So how do the greenhouses justify themselves? They have some pretty convincing points. A greenhouse can keep income and jobs local year-round. The risk of weather-related crop damage is eliminated. Backyard Farms also boasts heat blankets, rainwater harvesting, biodegradable supports, recyclable packaging, etc. They've also brought in bees to do their pollinating, and wasps to keep the pests at bay. Greenhouse farming is also a much more traceable process, which is important for food safety concerns. It is a controlled and isolated environment (less contamination) and the tomatoes can usually be traced back specifically. This is the type of control, however, that would be appealing to large corporations. I believe it's only a matter of time before these greenhouses become exploited by the CR4 to be able to control more of the market. This is an example of horizontal integration, in that a company can have ownership over more types of food production. We can also see this as vertical integration. If Heinz can start growing tomatoes year-round right next to where it makes ketchup in Pittsburgh, this cuts enormous costs for them and increases production by a tremendous margin.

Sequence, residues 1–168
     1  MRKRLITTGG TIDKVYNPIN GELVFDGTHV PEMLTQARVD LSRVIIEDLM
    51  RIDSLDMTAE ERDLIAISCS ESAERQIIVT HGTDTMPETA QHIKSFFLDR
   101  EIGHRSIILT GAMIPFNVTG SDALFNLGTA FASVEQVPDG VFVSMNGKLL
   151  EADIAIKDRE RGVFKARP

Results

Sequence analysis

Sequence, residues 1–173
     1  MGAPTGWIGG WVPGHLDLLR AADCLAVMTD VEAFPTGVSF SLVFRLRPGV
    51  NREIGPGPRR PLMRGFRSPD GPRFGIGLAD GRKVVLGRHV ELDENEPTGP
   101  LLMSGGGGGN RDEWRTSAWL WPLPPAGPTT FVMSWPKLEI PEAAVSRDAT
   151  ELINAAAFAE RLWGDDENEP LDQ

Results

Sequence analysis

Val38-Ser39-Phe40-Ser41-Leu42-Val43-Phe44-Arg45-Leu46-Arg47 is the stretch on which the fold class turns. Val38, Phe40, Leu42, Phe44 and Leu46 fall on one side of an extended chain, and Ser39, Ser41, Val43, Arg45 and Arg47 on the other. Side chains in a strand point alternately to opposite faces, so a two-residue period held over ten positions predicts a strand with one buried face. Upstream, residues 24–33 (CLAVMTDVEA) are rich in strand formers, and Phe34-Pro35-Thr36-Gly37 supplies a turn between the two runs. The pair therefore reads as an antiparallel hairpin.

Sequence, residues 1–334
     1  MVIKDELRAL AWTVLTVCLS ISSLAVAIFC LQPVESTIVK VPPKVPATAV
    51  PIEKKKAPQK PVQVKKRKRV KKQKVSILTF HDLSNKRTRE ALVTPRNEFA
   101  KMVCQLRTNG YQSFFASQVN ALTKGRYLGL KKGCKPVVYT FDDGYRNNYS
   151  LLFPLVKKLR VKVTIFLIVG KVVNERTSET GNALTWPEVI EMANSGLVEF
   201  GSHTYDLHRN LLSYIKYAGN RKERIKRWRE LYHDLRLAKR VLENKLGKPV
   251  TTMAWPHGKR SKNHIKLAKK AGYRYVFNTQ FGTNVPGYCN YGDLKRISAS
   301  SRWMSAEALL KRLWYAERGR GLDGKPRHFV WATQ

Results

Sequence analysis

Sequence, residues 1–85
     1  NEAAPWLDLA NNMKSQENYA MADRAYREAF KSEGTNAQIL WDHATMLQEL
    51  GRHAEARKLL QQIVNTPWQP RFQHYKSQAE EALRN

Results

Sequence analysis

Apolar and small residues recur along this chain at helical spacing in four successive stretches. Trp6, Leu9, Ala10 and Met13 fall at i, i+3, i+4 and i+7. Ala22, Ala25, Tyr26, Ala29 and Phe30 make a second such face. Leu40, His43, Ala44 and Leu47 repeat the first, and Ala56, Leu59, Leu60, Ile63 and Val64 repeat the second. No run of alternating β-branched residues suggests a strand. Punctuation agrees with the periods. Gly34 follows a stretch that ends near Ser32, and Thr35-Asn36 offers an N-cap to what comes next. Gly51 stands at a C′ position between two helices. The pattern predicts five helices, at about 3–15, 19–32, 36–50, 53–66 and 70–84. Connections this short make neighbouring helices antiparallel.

From the research I've done, I'm convinced greenhouses are taking us down a slippery slope. The costs outweigh the benefits, and I feel that the current issues will only become larger and more complex in the coming years. I can wait until late summer for authentic tomatoes.
What do you think?